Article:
Examples of anisotropic conductors that may be used in conjunction with implementations of the present invention include, but are not limited to, Thomas & Betts' (Tyco), of Memphis, Tenn., metallized particle interconnect bumps; Tecknit, of Fuzz Buttons, InterCon cLGA™ land grid arrays from InterCon Systems; Shin Etsu, of Tokyo, Japan, MAF anisotropic sheets; Shin Etsu's GBM anisotropic sheets; Paricon, of Fall River, Mass., Fused Particle Sheets; Fujipoly, of Cateret, N.J. ordered wire cluster sheet; and Fujipoly's extruded “zebra” type connectors. The metallized particle interconnect bumps by Thomas & Betts (Tyco) Corp. of Memphis, Tenn., are molded though a polyimide sheet that includes denting and piercing metal particles (about one micron in size), and gold-plated in an elastomeric matrix. Tecknit, of Cranford, N.J., Fuzz Buttons are land grid array connectors including gold-plated molybdenum wires of sizes such as 1 mil or 2 mil diameter, forming a compressible connector held in a plastic hole grid. InterCon cLGA™ land grid arrays from InterCon Systems of Harrisburg, Penn., include an array of C-shaped stampings, gold-plated, and held captive in an injection molded plastic matrix. The C-shaped stamping is capable of flexing. Shin Etsu's MAF anisotropic sheet is a Silastic sheet with tightly packed but randomly spaced, gold-plated wires (typically 2 mils in diameter) that are essentially vertical in their orientation with respect to sheet (i.e., essentially perpendicular to the plane of the major surface of the sheet. Shin Etsu's GBM anisotropic sheet is a Silastic sheet with evenly spaced wires (typically 2 mil diameter wires placed on 4 mil centers) that are inclined from the vertical to accommodate compression. Paricon's Fused Particle Sheet includes small silver-plated or gold-plated nickel particles embedded in a rubber sheet. During the manufacturing of such sheets, when the rubber is still liquid, particles are chained in a substantially vertical position. Fujipoly's ordered wire cluster sheet includes clusters of slightly bowed wires held in a rubber sheet so that the ends of the wires dig into pads on either side of the sheet upon being subjected to compression. Fujipoly's extruded “zebra” type connectors include particles in an open foam matrix, where the foam acts as the dielectric. These sheets are available in stripes, or as custom-extruded concentric circles (i.e., disks).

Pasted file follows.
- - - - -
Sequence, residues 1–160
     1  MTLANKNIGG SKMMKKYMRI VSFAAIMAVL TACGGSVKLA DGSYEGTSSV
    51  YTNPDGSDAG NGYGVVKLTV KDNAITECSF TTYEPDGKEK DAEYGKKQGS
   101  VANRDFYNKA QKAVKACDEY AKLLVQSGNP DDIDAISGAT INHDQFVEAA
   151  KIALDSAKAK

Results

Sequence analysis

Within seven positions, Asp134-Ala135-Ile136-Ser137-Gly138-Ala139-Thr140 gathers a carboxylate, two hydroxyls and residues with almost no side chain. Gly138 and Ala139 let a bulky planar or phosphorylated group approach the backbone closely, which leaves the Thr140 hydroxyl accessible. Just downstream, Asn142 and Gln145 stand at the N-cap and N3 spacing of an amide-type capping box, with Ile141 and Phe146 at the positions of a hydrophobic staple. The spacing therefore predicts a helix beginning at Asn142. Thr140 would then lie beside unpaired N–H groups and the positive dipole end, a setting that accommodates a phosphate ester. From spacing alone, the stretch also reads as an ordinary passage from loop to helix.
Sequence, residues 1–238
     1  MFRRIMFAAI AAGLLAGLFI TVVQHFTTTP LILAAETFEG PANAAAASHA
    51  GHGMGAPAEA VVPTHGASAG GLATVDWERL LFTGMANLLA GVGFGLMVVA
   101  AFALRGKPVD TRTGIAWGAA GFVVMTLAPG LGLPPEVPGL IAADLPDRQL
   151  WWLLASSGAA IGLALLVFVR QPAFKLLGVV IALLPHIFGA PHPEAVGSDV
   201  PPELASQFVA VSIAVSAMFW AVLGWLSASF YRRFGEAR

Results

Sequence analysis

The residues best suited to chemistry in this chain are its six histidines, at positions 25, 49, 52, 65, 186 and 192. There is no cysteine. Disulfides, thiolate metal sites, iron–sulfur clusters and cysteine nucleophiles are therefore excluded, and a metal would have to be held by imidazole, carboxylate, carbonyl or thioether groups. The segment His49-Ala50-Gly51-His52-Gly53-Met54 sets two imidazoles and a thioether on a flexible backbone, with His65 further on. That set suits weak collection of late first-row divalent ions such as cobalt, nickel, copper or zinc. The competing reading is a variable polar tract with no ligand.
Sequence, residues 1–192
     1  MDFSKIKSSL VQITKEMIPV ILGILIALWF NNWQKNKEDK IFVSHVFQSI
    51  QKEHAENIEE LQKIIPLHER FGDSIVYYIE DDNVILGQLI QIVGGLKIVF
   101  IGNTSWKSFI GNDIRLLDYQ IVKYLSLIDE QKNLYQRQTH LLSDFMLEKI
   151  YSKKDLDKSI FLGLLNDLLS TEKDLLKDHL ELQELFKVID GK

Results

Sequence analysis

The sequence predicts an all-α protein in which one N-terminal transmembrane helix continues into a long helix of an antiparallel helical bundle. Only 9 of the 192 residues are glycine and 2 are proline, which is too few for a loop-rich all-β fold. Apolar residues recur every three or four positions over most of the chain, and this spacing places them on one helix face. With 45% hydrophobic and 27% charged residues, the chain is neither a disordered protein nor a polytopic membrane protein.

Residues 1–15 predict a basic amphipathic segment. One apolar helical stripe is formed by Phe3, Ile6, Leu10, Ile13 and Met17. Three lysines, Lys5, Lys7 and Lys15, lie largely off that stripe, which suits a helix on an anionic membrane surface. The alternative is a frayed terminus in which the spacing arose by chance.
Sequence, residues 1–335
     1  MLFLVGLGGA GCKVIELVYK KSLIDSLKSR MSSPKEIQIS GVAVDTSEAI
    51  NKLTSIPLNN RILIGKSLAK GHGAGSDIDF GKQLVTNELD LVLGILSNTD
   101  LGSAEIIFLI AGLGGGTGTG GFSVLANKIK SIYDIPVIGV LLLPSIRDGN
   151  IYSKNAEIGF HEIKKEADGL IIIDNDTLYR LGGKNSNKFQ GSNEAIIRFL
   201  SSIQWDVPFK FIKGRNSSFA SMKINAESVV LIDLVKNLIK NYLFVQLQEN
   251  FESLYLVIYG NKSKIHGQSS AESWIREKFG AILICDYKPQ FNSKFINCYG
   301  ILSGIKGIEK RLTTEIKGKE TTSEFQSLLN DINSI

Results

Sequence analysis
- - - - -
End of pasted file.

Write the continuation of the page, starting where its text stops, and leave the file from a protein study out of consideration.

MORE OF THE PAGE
• [0041]
    A useful property of anisotropic conductors is their ability to accommodate non-planarities between two surfaces. These non-planarities, or other obstacles to making an electrical connection may include, but are not limited to, roughness, smoothness, warpage, tilting, recesses, surface oxidation, contamination, dielectric particles, and misalignments.
  • [0042]
    In an illustrative embodiment of the present invention, a coaxial cable having a planar interface is coupled to a substrate such that the dielectric which surrounds the center conductor, the shield which surrounds the dielectric, and the outer insulator which surrounds the shield, are coextensive with the center conductor. In a further aspect of the present invention as found in this illustrative embodiment, an anisotropic conductor provides electrical connection the between the center and shield conductors of a coaxial cable having a planar interface, and corresponding signal paths outside of the coaxial cable.
  • [0043]
    In another aspect of the present invention, an electrically insulative housing adapted to receive at least a portion of a coaxial cable, provides mechanical alignment and support for the coaxial cable having a planar interface.
  • [0044]
    In an alternative illustrative embodiment of the present invention, a twisted pair of insulated conductors, each of the pair having a conductor surrounded by an insulative layer, electrically couples with a corresponding pair of electrical terminals by way of a planar interface. In this way, impedance mismatches typically introduced by conventional connectors are substantially reduced or eliminated.
  • [0045]